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The Blame Game

By Mick Youther  Posted by Rob Kall (about the submitter)       (Page 1 of 1 pages)   No comments
It's easy to understand why the Bush Administration doesn't want to play "the blame game" when it comes to the Hurricane Katrina catastrophe. While New Orleans slowly disappeared into the toxic flood waters, along with an unknown number of its inhabitants; top administration officials, including Dubya himself, continued their vacations""confident that America was safe in the bosom of the Department of Homeland Security.

That department is Bush's baby""a governmental behemoth, consolidating control of all the government's power and resources to handle any kind of emergency. In the event of a natural disaster emergency like Hurricane Katrina, the Department's Federal Emergency Management Agency quickly swings into action, coordinating rescue and aid operations""at least that was the plan envisioned by the same great thinkers that brought us the war in Iraq. "But then came Katrina, and we soon discovered that it takes more than big talk and a bunch of incompetent political appointees to actually manage an emergency.

During the initial days of the disaster, it was hard to tell whose side FEMA was on. There were reports of trucks bringing water being turned back while people were dying of dehydration. Airboat crews were prevented from coming from Florida to help rescue stranded survivors; and a hospital ship, the U.S.S. Bataan, capable of producing 100,000 gallons/day of fresh water, sat unused off the coast.

Both FEMA Director Michael Brown and Homeland Security Chief Michael Chertoff appeared to respond to the Katrina disaster with all the urgency of someone having spilled a pot of coffee in the break room""except in this case, they had advanced warning of when and where the coffee was going to be spilled. On the fourth day of the disaster, Mr. Chertoff was still unaware that thousands of people were stranded in the New Orleans Convention Center""even though the rest of America was watching it on live TV. He doesn't seem to believe anything, until he gets the official memo. I don't know much about the cadaver-like Mr. Cherotff, but he made a couple of very telling statements this past week:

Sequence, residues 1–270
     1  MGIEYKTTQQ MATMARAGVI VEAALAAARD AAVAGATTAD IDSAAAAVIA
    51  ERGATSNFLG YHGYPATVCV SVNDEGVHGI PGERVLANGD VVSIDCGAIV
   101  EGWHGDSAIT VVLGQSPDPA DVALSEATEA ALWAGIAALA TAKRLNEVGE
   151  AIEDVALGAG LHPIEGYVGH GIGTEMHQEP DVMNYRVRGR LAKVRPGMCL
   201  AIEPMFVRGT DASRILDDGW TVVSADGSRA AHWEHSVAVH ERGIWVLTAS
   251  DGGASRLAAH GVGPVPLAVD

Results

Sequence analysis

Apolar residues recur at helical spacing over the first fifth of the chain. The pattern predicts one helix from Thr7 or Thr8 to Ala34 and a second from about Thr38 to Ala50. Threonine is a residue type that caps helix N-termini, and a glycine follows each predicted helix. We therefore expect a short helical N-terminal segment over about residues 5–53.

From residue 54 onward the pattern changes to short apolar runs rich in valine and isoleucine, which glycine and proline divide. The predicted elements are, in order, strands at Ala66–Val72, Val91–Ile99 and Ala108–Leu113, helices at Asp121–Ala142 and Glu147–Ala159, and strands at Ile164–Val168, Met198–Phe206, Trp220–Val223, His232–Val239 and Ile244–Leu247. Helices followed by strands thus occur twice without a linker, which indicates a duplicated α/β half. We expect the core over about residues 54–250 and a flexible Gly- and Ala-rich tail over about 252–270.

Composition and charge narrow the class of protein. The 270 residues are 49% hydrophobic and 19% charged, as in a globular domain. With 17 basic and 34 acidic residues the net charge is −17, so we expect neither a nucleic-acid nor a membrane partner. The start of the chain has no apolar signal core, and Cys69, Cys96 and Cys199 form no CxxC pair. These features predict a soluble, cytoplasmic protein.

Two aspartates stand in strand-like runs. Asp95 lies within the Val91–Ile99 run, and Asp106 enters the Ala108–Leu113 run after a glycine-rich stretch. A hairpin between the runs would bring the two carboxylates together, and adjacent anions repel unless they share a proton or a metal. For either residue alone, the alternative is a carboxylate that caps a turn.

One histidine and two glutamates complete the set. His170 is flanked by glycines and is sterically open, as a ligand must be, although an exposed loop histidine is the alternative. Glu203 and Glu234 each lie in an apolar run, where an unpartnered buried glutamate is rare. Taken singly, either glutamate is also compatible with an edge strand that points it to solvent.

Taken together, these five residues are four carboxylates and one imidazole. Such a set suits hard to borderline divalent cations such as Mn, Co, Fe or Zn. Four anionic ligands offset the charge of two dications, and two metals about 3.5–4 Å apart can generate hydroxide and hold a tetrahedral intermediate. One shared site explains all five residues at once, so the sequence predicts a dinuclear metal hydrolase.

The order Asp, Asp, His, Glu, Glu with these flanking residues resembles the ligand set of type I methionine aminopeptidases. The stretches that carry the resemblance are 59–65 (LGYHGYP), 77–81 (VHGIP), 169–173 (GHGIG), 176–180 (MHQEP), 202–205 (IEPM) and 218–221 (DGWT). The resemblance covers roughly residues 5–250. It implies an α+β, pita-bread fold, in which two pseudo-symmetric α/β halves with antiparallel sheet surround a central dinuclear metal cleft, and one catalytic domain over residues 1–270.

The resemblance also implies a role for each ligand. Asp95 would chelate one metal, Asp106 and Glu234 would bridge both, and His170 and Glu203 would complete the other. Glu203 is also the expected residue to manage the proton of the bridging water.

-- I remember on Tuesday morning picking up newspapers and I saw headlines, 'New Orleans Dodged the Bullet.' Because if you recall, the storm moved to the east and then continued on and appeared to pass with considerable damage but nothing worse."""Meet the Press, 9/4/05 (Does anyone see a problem with the Secretary of Homeland Security keeping track of FEMA's response to a disaster by reading the newspaper? I bet he was really surprised the next morning when he saw the headline "New Orleans Gone". Somebody get that man a cell phone.)

Then, on 9/3/05, when asked about the delay in getting troops into the affected area, Chertoff said, "When we send the National Guard overseas, we don't tell them to pack up and leave in 24 hours unless it's some huge emergencies." (This would have been a good time for follow-up questions, like 'When did you first hear of the hurricane?' or 'What do you consider a huge emergency?'.)

Eventually, FEMA Director Brown was offered up as scapegoat for the federal government's failure to respond to the human suffering caused by Hurricane Katrina, but is he really to blame? When you appoint an estates and family lawyer, who spent the last 11 years supervising horse shows, to be the head of the Federal Emergency Management Agency, who is to blame? It's like putting Donald Rumsfeld in charge of the Defense Department""a sure recipe for disaster.

Director Brown lacked the experience and know-how to handle a real emergency, and he was not alone. The Washington Post reported that five of the top eight FEMA officials had little or no experience in handling disasters. That's why Bush had to go outside the agency to find someone with enough credentials for the job. So who's to blame?

Thanks to Harry Truman, most Americans know exactly where the buck stops. Bush's handlers know this, so after a frantic last-ditch effort to pass the buck, Bush finally took the unprecedented step of actually accepting responsibility for something. "Katrina exposed serious problems in our response capability at all levels of government. To the extent the federal government didn't fully do its job right, I take responsibility."